Writing daily or once a week or on some other schedule is great. It can only make your writing and your commitment to it stronger. But if you can’t manage to sit at your desk with anything like a routine, it doesn’t mean you aren’t a writer. Those who say otherwise are ungenerous and, by the way, utterly ignorant about your life.
People go through periods when they can stick to a writing appointment. Then there are stretches when work, children, relationships, aging parents, illness, other projects, or myriad distractions prevent them from doing so. You might write occasionally, often but in snippets, or not at all (even so, you’re still thinking; something is happening you can use later). Then your life changes: You get a new job, you move, you take a class, you make friends who are also writers (encouraging ones), your kids get older, something in your right brain—or your calendar—just clicks. You rearrange things and find you’re sitting down to write every Wednesday morning or for a half hour before bed every night.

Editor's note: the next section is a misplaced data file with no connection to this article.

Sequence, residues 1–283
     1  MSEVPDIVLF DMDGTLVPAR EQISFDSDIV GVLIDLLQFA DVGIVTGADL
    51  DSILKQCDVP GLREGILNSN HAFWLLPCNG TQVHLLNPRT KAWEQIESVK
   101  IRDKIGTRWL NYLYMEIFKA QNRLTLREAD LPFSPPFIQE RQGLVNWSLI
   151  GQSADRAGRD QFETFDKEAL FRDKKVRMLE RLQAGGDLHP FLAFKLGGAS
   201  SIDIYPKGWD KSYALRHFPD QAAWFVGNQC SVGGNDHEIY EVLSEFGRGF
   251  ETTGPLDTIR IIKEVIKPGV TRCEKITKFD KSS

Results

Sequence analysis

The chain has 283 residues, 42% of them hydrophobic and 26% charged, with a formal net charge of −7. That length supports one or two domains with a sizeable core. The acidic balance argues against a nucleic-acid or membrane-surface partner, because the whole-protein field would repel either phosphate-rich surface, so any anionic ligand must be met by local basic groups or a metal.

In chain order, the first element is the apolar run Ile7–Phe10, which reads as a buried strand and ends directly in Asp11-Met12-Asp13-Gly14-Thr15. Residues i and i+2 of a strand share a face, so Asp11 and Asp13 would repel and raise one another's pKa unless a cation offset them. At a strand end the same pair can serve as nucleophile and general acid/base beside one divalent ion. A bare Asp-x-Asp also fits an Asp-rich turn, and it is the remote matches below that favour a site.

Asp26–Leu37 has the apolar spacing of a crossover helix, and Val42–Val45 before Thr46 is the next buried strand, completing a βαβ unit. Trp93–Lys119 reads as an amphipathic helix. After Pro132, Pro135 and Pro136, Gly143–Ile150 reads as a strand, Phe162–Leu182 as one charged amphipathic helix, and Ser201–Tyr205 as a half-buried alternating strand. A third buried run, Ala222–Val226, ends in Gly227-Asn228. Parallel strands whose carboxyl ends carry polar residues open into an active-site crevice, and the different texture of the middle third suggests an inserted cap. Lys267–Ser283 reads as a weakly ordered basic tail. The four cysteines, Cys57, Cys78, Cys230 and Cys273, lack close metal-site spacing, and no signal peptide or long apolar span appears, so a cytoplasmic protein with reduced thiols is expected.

Someone tells you, “I wish I could write that often. Maybe I’m just not a real writer.”
You say, “If you write, you’re a writer.”